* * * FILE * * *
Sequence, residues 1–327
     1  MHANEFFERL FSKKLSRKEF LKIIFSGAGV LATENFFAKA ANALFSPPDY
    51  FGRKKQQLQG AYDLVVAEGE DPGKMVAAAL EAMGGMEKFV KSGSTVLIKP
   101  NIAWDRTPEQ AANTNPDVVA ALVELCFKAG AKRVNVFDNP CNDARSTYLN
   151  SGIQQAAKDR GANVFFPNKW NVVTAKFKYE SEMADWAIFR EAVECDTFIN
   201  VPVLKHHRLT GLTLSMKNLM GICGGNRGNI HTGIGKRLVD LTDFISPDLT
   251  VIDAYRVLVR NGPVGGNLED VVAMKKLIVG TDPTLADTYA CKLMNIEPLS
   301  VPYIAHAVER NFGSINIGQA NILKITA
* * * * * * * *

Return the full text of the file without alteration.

Sequence, residues 1–327
     1  MHANEFFERL FSKKLSRKEF LKIIFSGAGV LATENFFAKA ANALFSPPDY
    51  FGRKKQQLQG AYDLVVAEGE DPGKMVAAAL EAMGGMEKFV KSGSTVLIKP
   101  NIAWDRTPEQ AANTNPDVVA ALVELCFKAG AKRVNVFDNP CNDARSTYLN
   151  SGIQQAAKDR GANVFFPNKW NVVTAKFKYE SEMADWAIFR EAVECDTFIN
   201  VPVLKHHRLT GLTLSMKNLM GICGGNRGNI HTGIGKRLVD LTDFISPDLT
   251  VIDAYRVLVR NGPVGGNLED VVAMKKLIVG TDPTLADTYA CKLMNIEPLS
   301  VPYIAHAVER NFGSINIGQA NILKITA